Magazine article The Wilson Quarterly
Dreaming of Direct Democracy. (Politics & Government)
"Direct Democracy during the Progressive Era: A Crack in the Populist Veneer?" by Daniel A. Smith and Joseph Lubinski, in The Journal of Policy History (2002: No. 4), Saint Louis Univ., 3800 Lindell Blvd., P.O. Box 56907, St. Louis, Mo. 63156-0907.
The corruption of American politics has gone so far, some critics say, that even initiatives and popular referendums have become tools of special interests and other malign forces. Call it small comfort, but Smith, a political scientist at the University of Denver, and Lubinski, a law student at the University of Colorado at Boulder, argue that their home state's experience shows that direct democracy never had a golden age.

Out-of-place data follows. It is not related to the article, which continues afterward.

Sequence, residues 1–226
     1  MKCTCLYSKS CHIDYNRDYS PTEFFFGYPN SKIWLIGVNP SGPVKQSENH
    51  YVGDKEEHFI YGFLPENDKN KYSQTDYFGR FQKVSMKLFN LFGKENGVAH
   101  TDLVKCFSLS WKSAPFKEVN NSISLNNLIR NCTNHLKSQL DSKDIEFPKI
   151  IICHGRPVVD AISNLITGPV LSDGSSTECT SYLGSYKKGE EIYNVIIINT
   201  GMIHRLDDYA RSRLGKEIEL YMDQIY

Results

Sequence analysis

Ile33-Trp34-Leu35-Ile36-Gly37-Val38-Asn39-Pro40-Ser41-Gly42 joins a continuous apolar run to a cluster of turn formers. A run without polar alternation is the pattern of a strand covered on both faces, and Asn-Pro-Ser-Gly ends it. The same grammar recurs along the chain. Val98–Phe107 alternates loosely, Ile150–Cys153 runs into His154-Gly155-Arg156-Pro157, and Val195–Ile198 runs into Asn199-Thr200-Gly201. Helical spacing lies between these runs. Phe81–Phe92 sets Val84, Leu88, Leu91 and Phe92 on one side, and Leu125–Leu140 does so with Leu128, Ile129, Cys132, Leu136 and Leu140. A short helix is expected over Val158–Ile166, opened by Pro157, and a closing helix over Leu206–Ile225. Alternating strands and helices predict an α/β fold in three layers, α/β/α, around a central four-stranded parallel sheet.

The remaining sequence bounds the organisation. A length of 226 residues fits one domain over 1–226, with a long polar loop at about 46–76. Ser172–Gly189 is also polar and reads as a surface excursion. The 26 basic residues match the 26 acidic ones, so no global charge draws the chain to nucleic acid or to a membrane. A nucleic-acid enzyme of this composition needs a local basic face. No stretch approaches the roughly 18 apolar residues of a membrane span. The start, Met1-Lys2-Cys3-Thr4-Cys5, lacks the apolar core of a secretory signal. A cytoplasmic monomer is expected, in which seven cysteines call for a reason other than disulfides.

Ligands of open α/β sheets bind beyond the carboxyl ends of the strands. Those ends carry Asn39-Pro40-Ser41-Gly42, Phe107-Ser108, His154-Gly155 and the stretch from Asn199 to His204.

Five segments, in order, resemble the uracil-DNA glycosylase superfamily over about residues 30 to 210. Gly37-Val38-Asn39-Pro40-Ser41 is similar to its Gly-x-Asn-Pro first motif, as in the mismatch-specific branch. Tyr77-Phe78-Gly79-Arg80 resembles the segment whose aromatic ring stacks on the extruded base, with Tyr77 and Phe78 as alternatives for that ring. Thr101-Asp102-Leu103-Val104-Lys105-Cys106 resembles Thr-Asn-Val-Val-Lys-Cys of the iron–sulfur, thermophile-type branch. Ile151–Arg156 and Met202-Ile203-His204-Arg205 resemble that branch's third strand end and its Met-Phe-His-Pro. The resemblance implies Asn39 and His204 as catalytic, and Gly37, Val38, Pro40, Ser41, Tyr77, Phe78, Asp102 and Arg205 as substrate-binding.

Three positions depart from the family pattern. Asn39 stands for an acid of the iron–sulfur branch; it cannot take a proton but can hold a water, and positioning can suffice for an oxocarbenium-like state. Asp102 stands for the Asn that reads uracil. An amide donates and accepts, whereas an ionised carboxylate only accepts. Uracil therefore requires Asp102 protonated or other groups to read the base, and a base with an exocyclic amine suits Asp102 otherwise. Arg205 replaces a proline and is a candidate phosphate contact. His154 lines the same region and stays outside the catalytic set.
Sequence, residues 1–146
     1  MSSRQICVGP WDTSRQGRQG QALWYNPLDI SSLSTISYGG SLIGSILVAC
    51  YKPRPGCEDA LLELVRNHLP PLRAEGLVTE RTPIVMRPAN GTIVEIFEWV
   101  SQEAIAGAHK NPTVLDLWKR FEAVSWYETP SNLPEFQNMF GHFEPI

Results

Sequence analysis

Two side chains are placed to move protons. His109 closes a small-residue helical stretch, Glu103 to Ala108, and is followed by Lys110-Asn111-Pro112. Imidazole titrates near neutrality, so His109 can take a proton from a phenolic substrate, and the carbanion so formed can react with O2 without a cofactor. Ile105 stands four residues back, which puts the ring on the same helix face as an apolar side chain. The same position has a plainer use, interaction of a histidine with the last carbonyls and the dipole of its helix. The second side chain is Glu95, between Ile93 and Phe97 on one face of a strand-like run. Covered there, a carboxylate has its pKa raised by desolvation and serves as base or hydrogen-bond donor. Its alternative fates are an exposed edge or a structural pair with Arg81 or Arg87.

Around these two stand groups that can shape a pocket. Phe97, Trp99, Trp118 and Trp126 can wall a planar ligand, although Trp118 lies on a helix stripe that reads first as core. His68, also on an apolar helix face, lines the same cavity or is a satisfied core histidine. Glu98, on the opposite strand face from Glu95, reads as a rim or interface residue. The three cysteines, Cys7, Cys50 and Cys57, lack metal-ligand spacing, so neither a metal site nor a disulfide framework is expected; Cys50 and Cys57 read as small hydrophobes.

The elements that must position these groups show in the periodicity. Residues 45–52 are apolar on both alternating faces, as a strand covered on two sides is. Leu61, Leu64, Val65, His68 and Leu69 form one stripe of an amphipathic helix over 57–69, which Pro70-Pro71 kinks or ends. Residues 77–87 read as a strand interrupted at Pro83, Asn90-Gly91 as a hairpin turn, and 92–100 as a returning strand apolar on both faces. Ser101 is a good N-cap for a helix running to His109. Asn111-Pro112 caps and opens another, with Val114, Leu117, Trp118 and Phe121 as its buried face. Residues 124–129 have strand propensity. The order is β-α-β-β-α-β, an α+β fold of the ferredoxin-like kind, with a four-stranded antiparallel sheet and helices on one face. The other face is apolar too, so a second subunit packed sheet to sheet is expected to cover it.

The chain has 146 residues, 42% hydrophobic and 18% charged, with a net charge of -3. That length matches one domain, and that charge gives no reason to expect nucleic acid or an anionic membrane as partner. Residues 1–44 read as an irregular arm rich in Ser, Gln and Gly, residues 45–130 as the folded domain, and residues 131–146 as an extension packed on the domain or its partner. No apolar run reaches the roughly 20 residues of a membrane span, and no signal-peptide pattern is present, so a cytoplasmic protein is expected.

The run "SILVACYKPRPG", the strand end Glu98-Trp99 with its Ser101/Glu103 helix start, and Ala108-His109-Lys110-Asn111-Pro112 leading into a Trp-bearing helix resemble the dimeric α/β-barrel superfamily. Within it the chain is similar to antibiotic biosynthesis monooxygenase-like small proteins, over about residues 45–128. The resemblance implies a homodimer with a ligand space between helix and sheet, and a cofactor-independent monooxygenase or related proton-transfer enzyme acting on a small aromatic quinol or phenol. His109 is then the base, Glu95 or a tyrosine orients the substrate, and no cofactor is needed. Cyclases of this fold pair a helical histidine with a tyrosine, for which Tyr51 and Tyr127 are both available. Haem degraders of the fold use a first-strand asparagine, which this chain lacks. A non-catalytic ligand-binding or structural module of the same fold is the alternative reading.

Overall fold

In 1912, after Progressive era reforms made direct democracy possible, Coloradans faced for the first time a blizzard of ballot initiatives and referendums--32 in all. An exciting three-way contest for president drew voters to the polls, as incumbent Republican William Howard Taft faced Democrat Woodrow Wilson and ex-president Theodore Roosevelt, running as the Progressive Party candidate. Yet direct democracy didn't seem to stir much enthusiasm. On average, the ballot initiatives attracted votes from only 36 percent of those who voted for president. …